The following is the introduction to and summary of UC Berkeley’s Police Review Board report on the events of November 20, 2009. To see the response from Chancellor Birgeneau, Associate Vice Chancellor Ron Coley and UCPD Chief Mitch Celaya, see the main report page.
Introduction: Setting the Expectations Stage
They say hindsight is 20/20. They’re wrong.
The purpose of this report is not to identify with certainty all the actions by all of the actors who played some role in connection with the demonstrations on November 20, 2009. That is impossible. It would be impossible even if all of the tools of civil litigation were masterfully deployed for years — and then all of the admissible evidence were submitted to a mentally and morally perfect jury. Certainty about the historical facts would be an even greater pretense in a report like this — unsupported, as is appropriate, by use of even the basic tools of civil litigation.
- Wayne Brazil, Berkeley Law, Chair
- Nilima Bhatia, Staff Representative, Deans’ Office, College of Letters & Science
- Michael G. Harris, Professor Emeritus, School of Optometry
- Jennifer Lewis, Graduate Assembly Representative
- Ronald Nelson, Retired Chief of Police, City of Berkeley
- William Oldham, Professor, Electrical Engineering and Computer Sciences
- Fran Packard, Community Representative
- Waseem Salahi, ASUC Representative
Executive Staff Assistant to the Board: Rita Gardner
Independent Investigator for this Report: Sarah Weinstein, Attorney at Law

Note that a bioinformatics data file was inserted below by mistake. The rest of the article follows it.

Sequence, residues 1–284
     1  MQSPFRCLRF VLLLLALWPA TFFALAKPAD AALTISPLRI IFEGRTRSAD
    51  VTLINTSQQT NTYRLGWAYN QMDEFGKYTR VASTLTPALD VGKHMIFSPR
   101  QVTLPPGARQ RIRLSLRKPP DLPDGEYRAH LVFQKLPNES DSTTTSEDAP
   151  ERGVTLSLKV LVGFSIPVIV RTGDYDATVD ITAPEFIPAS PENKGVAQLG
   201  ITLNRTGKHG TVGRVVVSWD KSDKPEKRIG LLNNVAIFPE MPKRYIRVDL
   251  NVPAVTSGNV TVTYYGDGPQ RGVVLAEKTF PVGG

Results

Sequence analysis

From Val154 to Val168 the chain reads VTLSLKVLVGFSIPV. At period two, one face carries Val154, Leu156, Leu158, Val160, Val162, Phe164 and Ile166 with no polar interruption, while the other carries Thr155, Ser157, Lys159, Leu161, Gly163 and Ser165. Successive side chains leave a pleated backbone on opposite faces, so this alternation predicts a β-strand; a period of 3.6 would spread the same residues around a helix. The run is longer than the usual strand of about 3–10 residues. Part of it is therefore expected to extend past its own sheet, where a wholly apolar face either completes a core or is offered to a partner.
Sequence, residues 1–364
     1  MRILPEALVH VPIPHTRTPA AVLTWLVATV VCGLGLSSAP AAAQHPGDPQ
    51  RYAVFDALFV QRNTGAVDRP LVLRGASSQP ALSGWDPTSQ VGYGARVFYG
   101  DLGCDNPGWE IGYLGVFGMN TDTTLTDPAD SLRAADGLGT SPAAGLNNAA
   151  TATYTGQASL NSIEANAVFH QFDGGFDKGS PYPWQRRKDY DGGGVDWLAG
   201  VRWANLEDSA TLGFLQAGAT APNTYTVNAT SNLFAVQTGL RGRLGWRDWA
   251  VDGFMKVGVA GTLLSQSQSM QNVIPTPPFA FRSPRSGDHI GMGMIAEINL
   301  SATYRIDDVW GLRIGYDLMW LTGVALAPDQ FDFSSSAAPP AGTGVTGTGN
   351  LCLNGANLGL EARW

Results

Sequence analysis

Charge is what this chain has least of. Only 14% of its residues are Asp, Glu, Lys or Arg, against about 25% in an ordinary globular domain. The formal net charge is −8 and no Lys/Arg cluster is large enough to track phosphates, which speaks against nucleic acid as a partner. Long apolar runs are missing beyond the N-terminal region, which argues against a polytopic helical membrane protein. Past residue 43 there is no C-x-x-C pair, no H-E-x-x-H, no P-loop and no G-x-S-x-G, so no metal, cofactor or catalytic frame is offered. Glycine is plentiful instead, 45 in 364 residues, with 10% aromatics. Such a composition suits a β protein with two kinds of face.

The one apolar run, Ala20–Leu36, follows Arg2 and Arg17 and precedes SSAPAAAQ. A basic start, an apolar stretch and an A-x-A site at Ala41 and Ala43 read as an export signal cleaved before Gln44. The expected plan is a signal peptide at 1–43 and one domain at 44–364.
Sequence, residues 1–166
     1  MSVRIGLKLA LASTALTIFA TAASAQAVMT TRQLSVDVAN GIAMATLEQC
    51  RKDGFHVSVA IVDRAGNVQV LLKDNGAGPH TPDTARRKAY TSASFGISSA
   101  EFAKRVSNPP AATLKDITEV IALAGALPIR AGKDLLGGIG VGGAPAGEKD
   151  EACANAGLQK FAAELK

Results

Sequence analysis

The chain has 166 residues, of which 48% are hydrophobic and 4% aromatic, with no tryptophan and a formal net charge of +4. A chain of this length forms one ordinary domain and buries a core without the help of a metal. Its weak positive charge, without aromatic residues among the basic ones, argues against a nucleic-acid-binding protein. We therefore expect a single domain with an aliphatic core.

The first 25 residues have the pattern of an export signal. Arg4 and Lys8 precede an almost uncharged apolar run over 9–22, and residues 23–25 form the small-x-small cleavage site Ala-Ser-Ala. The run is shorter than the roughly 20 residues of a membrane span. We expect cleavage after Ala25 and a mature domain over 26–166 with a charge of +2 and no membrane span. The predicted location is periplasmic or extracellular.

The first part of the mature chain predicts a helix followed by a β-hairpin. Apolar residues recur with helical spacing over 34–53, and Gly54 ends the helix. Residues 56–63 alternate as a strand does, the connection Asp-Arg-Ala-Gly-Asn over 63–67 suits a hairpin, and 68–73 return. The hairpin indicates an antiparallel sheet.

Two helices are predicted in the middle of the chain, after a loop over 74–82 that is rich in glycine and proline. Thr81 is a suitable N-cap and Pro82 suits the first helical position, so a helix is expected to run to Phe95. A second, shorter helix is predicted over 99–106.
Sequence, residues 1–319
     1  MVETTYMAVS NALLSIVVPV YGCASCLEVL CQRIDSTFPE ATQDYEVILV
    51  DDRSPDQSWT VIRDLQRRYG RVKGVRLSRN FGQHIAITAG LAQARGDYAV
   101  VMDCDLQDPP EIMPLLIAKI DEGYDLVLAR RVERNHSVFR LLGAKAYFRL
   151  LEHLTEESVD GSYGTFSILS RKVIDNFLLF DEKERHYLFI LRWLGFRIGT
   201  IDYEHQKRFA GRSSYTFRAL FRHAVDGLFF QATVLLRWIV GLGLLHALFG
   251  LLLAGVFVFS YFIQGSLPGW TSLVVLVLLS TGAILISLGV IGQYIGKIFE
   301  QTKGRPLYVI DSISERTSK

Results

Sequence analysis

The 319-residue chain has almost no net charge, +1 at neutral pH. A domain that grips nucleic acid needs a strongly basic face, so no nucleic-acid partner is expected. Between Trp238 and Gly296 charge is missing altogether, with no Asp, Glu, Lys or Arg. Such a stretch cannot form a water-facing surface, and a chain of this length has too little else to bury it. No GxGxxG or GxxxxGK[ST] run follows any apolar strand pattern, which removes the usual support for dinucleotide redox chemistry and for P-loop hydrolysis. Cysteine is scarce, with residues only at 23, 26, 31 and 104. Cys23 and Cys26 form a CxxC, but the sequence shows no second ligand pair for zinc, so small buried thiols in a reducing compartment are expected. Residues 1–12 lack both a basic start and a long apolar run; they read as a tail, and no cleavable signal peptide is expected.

The inaccessibility of certainty, however, is not fatal to our mission. Our mission, as an agent of a University, is not to judge, but to contribute something to learning. Learning, in settings like these, is best advanced dialectically. And the dialogues that are likely to yield the richest and most reliable learning are not binary. Instead, they are multi-dimensional — informed from a wide range of divergent sources.
We hope to be one such source. We strive to be as objective, balanced, and thoughtful as possible — but we want no one to assume that we want ours to be the last word. Rather, we want our words to be part of a continuous process of engaged reflection from all interested quarters — a process that began before we began and that should continue long after our work is done.
To make our contribution to productive dialogue, we have striven not to be definitive about all the details, but to identify the events, developments, and decisions that seem to have affected most the way the story unfolded — and in which we see the most promising opportunities for learning.
Given the limitations of our process, and the complexity of the events we have been asked to chronicle, we make no attempt to isolate for blame individuals, individual acts, or individual decisions. The events of November 20th were not linear and were not the product of any one hand — visible or invisible. They did not evolve — at least if that word connotes direction. Rather, what happened on the 20th, probably at every major turn, was the product of a host of divergent forces and factors bouncing and playing off one another in complex, unpatterned and unpredictable ways.